But Gates presses Letterman saying that the new technology allows you to listen to the game "whenever you want," to which Letterman responds, "Do tape recorders ring a bell?"

Gates then tells Letterman he can keep up with the latest in his favorite hobbies such as cigar smoking or race cars through the internet. Letterman shuts him down saying that he reads about his interests in magazines.

RELATED: Bill Gates has five books he thinks you should read this summer.

The discussion ends with the two laughing over meeting like-minded people in "troubled loner chat room on the internet."

The clip brings to mind a 1994 segment on "The Today Show" where host Bryant Gumbel and Katie Couric have a similar discussion.

"What is internet anyway?" an exasperated Gumball asks. "What do you write to it like mail?"

"It's a computer billboard but it's nationwide and it's several universities all joined together and it's getting bigger and bigger all the time," a producer explains from off-stage.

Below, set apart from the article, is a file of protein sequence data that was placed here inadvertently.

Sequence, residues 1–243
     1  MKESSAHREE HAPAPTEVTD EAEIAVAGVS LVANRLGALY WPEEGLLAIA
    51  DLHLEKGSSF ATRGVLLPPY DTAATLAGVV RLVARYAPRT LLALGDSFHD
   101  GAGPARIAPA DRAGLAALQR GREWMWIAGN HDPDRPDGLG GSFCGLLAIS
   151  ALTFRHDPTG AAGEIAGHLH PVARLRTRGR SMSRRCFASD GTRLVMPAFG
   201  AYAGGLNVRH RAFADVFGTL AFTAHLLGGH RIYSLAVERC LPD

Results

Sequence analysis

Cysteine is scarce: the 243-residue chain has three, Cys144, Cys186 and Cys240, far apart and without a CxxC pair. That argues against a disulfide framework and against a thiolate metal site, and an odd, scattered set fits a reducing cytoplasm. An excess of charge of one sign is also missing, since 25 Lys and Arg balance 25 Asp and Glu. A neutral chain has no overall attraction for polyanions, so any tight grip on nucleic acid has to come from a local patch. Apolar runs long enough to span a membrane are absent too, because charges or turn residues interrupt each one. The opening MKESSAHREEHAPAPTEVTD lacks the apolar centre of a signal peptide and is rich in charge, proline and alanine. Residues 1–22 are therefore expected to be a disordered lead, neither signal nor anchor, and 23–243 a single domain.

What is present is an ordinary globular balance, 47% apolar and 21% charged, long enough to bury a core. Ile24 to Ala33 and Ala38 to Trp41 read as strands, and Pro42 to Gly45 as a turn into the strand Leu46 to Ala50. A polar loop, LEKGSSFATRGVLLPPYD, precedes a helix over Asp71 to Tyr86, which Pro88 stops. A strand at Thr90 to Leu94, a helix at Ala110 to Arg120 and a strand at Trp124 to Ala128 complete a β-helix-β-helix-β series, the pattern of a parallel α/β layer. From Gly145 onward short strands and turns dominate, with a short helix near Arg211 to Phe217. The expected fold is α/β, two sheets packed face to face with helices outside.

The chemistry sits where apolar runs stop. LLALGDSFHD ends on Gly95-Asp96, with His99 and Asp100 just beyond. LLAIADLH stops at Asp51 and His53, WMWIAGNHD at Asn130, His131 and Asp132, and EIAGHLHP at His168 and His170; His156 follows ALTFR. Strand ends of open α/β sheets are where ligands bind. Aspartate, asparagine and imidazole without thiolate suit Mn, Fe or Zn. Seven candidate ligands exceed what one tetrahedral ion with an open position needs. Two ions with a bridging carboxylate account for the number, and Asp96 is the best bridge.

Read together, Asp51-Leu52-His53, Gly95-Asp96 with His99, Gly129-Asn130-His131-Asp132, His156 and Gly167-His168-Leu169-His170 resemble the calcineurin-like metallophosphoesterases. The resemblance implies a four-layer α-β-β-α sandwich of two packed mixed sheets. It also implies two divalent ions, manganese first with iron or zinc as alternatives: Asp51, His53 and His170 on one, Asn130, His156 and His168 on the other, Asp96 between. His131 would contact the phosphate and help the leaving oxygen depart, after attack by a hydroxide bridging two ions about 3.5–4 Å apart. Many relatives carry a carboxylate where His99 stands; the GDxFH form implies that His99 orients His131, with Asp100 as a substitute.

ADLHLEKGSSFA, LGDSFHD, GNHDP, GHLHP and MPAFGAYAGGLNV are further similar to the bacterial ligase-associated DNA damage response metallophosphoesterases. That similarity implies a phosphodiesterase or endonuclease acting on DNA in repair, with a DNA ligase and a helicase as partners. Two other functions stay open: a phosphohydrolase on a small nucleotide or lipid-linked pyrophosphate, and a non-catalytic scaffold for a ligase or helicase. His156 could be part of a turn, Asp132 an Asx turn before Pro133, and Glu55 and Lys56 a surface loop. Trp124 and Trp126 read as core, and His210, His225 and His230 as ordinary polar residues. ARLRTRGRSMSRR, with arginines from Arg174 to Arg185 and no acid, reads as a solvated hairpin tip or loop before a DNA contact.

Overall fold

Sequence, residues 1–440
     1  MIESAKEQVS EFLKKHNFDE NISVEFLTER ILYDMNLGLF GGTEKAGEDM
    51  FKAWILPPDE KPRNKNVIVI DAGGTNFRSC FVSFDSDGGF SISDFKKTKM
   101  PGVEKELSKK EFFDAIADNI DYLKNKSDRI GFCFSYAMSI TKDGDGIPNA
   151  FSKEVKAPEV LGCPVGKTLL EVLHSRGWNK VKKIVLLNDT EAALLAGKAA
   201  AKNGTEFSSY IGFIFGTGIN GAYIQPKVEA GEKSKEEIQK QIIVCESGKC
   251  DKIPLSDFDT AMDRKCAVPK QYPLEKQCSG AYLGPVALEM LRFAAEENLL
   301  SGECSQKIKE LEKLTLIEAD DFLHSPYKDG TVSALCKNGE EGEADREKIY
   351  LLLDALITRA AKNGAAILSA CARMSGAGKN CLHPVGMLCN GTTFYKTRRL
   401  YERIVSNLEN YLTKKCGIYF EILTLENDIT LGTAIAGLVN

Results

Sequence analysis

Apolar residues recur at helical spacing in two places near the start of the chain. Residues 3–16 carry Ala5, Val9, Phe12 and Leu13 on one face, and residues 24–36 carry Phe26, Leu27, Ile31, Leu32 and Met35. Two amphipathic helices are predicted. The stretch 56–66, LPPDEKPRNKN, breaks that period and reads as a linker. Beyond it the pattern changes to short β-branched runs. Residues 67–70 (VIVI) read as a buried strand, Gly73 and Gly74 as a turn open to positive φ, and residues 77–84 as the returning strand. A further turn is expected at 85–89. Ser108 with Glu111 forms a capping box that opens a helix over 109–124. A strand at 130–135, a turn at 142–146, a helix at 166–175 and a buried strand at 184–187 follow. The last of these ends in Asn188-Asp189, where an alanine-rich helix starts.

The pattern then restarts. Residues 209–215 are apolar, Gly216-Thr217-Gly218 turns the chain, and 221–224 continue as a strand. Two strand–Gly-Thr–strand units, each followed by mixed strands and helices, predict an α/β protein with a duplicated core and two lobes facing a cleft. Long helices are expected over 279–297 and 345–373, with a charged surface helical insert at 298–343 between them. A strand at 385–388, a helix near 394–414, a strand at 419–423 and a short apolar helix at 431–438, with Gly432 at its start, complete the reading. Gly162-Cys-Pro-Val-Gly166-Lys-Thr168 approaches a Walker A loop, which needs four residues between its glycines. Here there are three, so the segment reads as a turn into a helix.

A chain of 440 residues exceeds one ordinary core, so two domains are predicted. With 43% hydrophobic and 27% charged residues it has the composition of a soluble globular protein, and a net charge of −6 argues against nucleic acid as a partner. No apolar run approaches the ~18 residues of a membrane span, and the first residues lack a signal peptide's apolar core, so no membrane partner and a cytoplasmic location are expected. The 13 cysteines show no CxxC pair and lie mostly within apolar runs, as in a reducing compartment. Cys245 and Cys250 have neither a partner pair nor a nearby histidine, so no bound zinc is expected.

Culture
Photo by Li-An Lim on Unsplash

The future generations will have to live on this Earth for years to come, and, not surprisingly, they're very concerned about the fate of our planet. We've seen a rise in youth activists, such as Greta Thunberg, who are raising awareness for climate change. A recent survey indicates that those efforts are working, as more and more Americans (especially young Americans) feel concerned about climate change.

A new CBS News poll found that 70% of Americans between 18 and 29 feel climate change is a crisis or a serious problem, while 58% of Americans over the age of 65 share those beliefs. Additionally, younger generations are more likely to feel like it's their personal responsibility to address climate change, as well as think that transitioning to 100% renewable energy is viable. Overall, 25% of Americans feel that climate change is a "crisis," and 35% feel it is a "serious problem." 10% of Americans said they think climate change is a minor problem, and 16% of Americans feel it is not a problem that worries them.

The poll found that concern for the environment isn't a partisan issue – or at least when it comes to younger generations. Two-thirds of Republicans under the age of 45 feel that addressing climate change is their duty, sentiments shared by only 38% of Republicans over the age of 45.